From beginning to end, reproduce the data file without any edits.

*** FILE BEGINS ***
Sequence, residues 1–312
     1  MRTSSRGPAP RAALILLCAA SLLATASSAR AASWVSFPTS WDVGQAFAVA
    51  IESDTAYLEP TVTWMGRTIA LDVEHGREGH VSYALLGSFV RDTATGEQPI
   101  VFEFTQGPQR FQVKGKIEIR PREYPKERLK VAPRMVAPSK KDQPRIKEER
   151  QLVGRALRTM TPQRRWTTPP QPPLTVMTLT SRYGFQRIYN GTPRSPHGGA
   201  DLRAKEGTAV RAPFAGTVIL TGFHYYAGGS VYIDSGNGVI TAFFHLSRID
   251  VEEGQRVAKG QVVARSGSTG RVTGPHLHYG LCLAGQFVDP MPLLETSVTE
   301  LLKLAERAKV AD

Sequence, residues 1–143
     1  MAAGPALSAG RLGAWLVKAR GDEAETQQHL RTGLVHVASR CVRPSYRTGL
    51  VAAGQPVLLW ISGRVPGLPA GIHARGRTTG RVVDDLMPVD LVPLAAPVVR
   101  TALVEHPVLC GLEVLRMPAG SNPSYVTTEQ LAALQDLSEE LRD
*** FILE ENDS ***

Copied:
Sequence, residues 1–312
     1  MRTSSRGPAP RAALILLCAA SLLATASSAR AASWVSFPTS WDVGQAFAVA
    51  IESDTAYLEP TVTWMGRTIA LDVEHGREGH VSYALLGSFV RDTATGEQPI
   101  VFEFTQGPQR FQVKGKIEIR PREYPKERLK VAPRMVAPSK KDQPRIKEER
   151  QLVGRALRTM TPQRRWTTPP QPPLTVMTLT SRYGFQRIYN GTPRSPHGGA
   201  DLRAKEGTAV RAPFAGTVIL TGFHYYAGGS VYIDSGNGVI TAFFHLSRID
   251  VEEGQRVAKG QVVARSGSTG RVTGPHLHYG LCLAGQFVDP MPLLETSVTE
   301  LLKLAERAKV AD

Sequence, residues 1–143
     1  MAAGPALSAG RLGAWLVKAR GDEAETQQHL RTGLVHVASR CVRPSYRTGL
    51  VAAGQPVLLW ISGRVPGLPA GIHARGRTTG RVVDDLMPVD LVPLAAPVVR
   101  TALVEHPVLC GLEVLRMPAG SNPSYVTTEQ LAALQDLSEE LRD